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Superlatives From an Up-and-Down 2018 Season for OSU

Hitting on some of the high notes from OSU’s 2018 season.



The Cowboys completed a spastic season with an uninspired performance in Ft. Worth. Their 9th-place finish in the Big 12 is the worst at Oklahoma State since Mike Gundy’s first year at the helm.

But … there were plenty of high notes that shouldn’t be forgotten from the last three months. Even if they make those low points that much more confounding.

So let’s glance back over the 2018 regular season for all its ups, downs and the few in-betweens.

MVP: Tylan Wallace

I would not have seen myself typing any name other than Justice Hill in this category in September. And probably not even a month ago. But Tylan has put together an historically good 12-game stretch that might just have won him a Biletnikoff Award.

Wallace hasn’t put up his normal gaudy numbers the last two games, thanks in large part to defenses trying to scheme him out of the game plan. But he’s still been incredibly efficient on the year, catching 58.1 percent of his 136 targets.

Most of all, he’s been the Cowboys’ go-to playmaker on offense all season long — and it’s not really that close. Wallace has been targeted on a ridiculous 30.4 percent of OSU’s passes and still maintains that extremely efficient catch rate.

To provide a little context here: The highest share of that workload James Washington ever saw was 28.7 percent during his junior season, sans an injured Marcell Ateman, and he turned in a 54.1 percent catch rate.

If Justice had been healthy all year and had the same opportunities to make plays in the biggest moments like Wallace, he’s probably in this spot. But he wasn’t, and in some of the biggest moments for Oklahoma State, Tylan Wallace made the biggest plays.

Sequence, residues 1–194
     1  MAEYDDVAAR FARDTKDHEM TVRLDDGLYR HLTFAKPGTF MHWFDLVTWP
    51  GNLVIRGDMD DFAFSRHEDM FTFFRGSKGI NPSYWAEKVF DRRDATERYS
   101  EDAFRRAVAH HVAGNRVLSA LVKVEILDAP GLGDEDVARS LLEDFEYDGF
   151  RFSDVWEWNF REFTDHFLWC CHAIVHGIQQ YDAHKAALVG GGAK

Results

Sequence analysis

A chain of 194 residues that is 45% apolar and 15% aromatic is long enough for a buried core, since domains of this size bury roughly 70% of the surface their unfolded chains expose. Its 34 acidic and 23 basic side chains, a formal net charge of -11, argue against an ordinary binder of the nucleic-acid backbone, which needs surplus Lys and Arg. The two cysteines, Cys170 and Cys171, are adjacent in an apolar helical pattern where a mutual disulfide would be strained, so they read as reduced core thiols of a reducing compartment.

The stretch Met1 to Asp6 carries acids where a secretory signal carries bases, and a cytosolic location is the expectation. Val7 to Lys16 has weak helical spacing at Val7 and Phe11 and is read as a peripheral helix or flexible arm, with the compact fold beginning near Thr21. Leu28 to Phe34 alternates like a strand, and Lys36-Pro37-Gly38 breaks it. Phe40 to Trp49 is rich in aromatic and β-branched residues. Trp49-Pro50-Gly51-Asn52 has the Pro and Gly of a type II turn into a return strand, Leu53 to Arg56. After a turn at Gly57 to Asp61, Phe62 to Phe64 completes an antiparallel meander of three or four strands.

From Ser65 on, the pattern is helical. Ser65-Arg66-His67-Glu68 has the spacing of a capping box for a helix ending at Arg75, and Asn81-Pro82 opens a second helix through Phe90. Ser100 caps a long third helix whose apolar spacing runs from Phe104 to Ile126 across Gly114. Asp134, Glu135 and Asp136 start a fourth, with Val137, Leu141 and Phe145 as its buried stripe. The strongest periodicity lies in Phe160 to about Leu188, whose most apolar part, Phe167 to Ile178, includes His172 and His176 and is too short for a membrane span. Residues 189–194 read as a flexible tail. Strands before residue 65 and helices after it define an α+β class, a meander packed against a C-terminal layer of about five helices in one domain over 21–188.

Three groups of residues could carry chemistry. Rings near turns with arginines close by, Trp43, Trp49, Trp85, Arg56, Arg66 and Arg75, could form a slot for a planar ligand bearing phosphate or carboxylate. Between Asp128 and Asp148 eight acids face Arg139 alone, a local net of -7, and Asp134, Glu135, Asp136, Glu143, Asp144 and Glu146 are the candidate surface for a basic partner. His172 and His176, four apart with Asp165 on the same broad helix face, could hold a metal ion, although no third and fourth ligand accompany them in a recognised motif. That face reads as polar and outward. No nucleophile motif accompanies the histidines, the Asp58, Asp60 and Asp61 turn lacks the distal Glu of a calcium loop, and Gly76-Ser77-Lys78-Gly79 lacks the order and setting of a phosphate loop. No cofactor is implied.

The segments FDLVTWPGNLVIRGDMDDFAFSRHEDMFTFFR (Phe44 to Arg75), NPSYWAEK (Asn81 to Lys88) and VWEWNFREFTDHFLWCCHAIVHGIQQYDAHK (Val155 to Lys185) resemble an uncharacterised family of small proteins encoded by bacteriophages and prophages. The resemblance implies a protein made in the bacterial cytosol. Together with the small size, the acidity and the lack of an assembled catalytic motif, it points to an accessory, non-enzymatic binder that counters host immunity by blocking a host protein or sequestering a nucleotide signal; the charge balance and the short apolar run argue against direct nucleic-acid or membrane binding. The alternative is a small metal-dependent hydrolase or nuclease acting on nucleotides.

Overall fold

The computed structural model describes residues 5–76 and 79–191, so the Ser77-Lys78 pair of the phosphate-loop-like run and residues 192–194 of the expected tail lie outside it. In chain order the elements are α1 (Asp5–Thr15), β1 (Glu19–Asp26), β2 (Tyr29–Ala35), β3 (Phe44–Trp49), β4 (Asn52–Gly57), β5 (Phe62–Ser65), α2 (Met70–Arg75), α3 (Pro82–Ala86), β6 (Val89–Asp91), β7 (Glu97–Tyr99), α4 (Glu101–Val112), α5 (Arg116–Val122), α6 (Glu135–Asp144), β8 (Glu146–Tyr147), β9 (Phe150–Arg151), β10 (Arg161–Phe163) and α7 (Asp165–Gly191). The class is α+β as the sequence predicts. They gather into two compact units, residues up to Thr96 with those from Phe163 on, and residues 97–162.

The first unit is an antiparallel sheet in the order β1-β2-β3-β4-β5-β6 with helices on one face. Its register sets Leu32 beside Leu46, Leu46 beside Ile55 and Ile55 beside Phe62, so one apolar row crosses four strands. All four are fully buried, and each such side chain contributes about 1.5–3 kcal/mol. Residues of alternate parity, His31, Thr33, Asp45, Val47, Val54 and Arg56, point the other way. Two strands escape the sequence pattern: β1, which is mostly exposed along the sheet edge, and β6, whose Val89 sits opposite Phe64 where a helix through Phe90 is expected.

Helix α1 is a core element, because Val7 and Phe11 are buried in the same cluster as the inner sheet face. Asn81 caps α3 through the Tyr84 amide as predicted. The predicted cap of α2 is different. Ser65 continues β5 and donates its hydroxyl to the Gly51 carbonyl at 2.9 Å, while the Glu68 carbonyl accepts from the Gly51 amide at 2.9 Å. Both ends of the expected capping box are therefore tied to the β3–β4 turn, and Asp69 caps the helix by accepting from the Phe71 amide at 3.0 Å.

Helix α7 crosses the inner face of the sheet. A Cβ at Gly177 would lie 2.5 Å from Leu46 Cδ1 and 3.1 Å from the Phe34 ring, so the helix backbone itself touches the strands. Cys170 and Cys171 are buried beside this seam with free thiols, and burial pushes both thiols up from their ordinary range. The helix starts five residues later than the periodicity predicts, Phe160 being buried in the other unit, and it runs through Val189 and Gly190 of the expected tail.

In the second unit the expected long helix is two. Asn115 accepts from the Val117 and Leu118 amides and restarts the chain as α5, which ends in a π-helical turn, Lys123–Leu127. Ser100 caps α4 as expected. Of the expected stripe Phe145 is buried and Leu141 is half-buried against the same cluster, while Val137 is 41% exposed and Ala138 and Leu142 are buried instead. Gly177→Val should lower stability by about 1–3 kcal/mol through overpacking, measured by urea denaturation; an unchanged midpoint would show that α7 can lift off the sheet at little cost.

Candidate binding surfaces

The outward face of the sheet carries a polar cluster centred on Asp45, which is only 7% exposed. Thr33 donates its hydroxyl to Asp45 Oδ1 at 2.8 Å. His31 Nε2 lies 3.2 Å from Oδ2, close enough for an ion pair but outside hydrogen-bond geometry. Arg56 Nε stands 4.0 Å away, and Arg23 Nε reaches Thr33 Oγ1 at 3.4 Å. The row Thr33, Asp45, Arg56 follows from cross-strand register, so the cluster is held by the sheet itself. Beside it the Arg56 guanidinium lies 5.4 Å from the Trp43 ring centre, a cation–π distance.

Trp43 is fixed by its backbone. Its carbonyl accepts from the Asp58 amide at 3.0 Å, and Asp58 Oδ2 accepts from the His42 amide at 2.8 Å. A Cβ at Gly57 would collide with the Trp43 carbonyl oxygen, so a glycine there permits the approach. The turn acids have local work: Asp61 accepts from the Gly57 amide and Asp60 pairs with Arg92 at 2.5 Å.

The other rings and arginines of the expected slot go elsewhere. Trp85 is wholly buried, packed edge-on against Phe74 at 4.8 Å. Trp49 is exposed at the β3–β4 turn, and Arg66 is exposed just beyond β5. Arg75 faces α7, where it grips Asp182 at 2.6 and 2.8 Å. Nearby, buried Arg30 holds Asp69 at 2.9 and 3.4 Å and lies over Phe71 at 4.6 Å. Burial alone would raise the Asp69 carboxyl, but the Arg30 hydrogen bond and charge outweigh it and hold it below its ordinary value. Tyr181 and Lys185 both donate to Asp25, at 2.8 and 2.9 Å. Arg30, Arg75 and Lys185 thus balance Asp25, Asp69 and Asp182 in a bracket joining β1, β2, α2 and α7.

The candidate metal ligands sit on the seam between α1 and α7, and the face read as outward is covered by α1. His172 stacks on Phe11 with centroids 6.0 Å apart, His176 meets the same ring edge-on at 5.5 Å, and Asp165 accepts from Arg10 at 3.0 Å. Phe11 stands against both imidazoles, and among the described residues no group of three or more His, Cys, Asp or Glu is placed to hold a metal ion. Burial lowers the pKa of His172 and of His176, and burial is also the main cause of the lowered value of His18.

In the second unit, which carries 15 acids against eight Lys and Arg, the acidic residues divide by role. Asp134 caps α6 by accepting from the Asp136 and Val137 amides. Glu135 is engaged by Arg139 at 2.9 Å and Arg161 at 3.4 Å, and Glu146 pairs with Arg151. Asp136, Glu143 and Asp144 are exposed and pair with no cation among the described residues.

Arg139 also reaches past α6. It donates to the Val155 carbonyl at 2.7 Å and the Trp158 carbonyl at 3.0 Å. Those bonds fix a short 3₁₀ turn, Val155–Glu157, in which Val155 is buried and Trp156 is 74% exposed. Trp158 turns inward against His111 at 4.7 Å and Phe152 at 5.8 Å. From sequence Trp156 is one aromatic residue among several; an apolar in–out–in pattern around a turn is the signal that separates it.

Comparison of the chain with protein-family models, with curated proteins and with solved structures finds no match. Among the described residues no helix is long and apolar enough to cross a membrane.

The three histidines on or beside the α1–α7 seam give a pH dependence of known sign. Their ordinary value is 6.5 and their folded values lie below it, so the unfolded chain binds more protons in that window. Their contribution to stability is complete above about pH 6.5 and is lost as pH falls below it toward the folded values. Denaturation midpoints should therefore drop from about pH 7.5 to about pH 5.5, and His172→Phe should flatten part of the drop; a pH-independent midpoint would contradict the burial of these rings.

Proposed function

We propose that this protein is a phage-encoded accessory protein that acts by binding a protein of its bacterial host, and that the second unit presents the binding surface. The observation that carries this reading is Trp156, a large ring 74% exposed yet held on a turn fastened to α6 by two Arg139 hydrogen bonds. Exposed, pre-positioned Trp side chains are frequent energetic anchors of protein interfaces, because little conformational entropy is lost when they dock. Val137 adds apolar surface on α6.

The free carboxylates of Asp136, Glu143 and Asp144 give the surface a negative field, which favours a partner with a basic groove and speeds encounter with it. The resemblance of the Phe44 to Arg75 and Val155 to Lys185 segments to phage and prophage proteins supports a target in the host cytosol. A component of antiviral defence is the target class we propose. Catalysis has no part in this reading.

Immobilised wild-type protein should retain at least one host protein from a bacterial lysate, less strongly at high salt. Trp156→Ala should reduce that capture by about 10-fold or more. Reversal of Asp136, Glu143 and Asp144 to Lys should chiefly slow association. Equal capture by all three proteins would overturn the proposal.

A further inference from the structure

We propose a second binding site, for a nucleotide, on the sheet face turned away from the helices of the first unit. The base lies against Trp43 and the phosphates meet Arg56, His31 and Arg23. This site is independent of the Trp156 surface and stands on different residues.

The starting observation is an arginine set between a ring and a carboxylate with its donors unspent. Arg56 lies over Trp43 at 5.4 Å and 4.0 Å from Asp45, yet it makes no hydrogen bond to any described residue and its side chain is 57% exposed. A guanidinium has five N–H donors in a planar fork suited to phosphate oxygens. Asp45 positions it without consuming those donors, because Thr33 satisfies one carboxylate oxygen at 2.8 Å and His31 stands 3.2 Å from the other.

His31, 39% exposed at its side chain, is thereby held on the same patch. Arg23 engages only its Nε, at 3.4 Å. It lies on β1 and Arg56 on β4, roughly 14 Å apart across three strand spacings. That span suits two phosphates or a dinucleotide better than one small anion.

Rookie of the Year: Chuba Hubbard

There were a number of first-year players that took the field for the Pokes in 2018 and made impacts in different ways, but this is no competition.

Chuba Hubbard showed his world-class speed early and often as OSU’s third-string back, as well as glimpses of the spark he can provide in the return game.

The more touches he got, the more impressive he looked. Whether or not he is RB1 or RB2 behind Justice Hill next year, expect Chuba to:

Favorite Game: Homecoming Against Texas

Of the three good wins that Oklahoma State earned this season, I don’t think I felt any better about the Pokes than on Homecoming night, and it wasn’t just the pre-game COOPs I enjoyed during out PFB our tailgate (shout-outs to all of you that stopped by). It also wasn’t the gorgeous throwback threads the Cowboys donned. Though I’m wearing my No. 21 Barry jersey right now.

That game was just fun from the opening kick because it was a much-needed breath of fresh air and shot in the arm for Cowboys fans. OSU was still licking its wounds from a bye-week slump that started with a maligned Manhattan trip, but it didn’t take long for the Pokes to feed off of the energy of that sell-out crowd.

Taylor Cornelius landed an opening-round haymaker to Tylan Wallace that knocked the ‘Horns back on their hooves and pretty much set OSU on the path to an upset.

UT would battle back with a jab here, a body blow there, but OSU was able to bob and weave its way through the second half and to a big-time win, even if it included some late infighting at center ring.

Best Trick Play: The (Sort Of) Fake Punt Against Texas

During the above-mentioned upset over Texas, Oklahoma State did something we’ve been clamoring for what seems like years.

The common gripe on conservative coach who hid behind a cavalier mullet, was his reluctance to coach like an underdog in underdog situations. He shed that cloak a bit in 2018, but never more than on this one drive.

With the Pokes leading by 10, and close enough to halftime that Gundy would normally try to hide the football under his hoodie and wait out the clock, he instead dialed up the “fake” punt on fourth-and-1.

The trickery worked drawing the UT defense offsides despite a controversial shifting of OSU’s line.

A few plays later on that drive, the Pokes would face another fourth-and-1 and Gundy would thumb his nose at all of us for even imagining that he would coach scared.

Don’t listen to Kirk Herbstreit, this isn’t a commonplace “Gundy wrinkle” but it worked.

Biggest Loss: Justice Hill

Despite my swapping the all-conference tailback for Tylan in the MVP slot above, how many more wins does Oklahoma State finish with if it has a healthy Justice this last month? Maybe none. Maybe two more.

Chuba performed admirably in his stead in Norman, but one has to wonder, in such a close game, if OSU’s bell cow and probably best overall player wouldn’t have made a difference.

For all we know, Justice may have played his last down in orange. If he has, he’s already done enough to go down as one of the best running backs in Oklahoma State history. And that’s saying something.

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